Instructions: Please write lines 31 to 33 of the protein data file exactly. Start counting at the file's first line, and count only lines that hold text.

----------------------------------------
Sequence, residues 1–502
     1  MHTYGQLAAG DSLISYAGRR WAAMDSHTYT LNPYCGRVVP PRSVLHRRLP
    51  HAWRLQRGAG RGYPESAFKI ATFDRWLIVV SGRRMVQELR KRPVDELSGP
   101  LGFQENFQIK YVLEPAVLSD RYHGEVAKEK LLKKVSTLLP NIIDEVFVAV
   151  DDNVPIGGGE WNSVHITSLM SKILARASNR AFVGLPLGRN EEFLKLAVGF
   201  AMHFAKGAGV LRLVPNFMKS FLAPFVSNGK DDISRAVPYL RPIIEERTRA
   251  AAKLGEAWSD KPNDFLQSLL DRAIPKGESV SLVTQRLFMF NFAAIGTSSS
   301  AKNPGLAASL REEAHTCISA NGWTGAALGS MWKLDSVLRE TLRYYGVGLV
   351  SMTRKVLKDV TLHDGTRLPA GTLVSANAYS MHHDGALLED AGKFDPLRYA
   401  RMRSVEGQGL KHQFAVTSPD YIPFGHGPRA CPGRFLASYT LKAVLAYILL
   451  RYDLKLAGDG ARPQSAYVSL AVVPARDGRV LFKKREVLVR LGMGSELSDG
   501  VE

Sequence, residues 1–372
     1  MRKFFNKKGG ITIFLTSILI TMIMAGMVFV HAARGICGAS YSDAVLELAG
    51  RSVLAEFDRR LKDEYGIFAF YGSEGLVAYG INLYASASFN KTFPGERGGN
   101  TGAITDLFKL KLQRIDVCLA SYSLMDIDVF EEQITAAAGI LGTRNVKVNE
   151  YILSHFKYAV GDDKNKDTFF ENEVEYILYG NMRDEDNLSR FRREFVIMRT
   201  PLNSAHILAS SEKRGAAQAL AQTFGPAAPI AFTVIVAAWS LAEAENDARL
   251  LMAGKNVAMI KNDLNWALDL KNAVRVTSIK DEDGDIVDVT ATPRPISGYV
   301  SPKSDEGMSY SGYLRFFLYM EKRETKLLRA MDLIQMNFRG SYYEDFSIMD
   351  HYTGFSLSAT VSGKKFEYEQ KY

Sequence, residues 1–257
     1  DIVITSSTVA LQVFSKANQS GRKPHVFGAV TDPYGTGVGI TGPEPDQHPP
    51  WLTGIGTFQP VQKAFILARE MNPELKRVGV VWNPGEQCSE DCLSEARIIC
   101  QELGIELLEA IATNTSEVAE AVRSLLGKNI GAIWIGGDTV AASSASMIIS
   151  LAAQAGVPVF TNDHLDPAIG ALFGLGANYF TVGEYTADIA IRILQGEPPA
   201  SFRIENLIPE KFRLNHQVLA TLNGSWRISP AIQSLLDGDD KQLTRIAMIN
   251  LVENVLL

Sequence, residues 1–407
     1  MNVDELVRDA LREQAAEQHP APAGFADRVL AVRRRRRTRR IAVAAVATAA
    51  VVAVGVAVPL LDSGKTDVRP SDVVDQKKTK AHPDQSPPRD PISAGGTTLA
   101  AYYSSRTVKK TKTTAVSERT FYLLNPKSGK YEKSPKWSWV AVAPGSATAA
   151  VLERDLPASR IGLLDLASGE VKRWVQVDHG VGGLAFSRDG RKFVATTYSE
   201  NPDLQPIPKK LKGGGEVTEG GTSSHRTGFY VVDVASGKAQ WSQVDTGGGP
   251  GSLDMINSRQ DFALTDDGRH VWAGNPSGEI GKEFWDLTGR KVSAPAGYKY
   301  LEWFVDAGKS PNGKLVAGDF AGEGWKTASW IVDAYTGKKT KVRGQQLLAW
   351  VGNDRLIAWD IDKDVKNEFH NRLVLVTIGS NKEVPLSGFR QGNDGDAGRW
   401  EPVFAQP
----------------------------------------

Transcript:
    51  VVAVGVAVPL LDSGKTDVRP SDVVDQKKTK AHPDQSPPRD PISAGGTTLA
   101  AYYSSRTVKK TKTTAVSERT FYLLNPKSGK YEKSPKWSWV AVAPGSATAA
   151  VLERDLPASR IGLLDLASGE VKRWVQVDHG VGGLAFSRDG RKFVATTYSE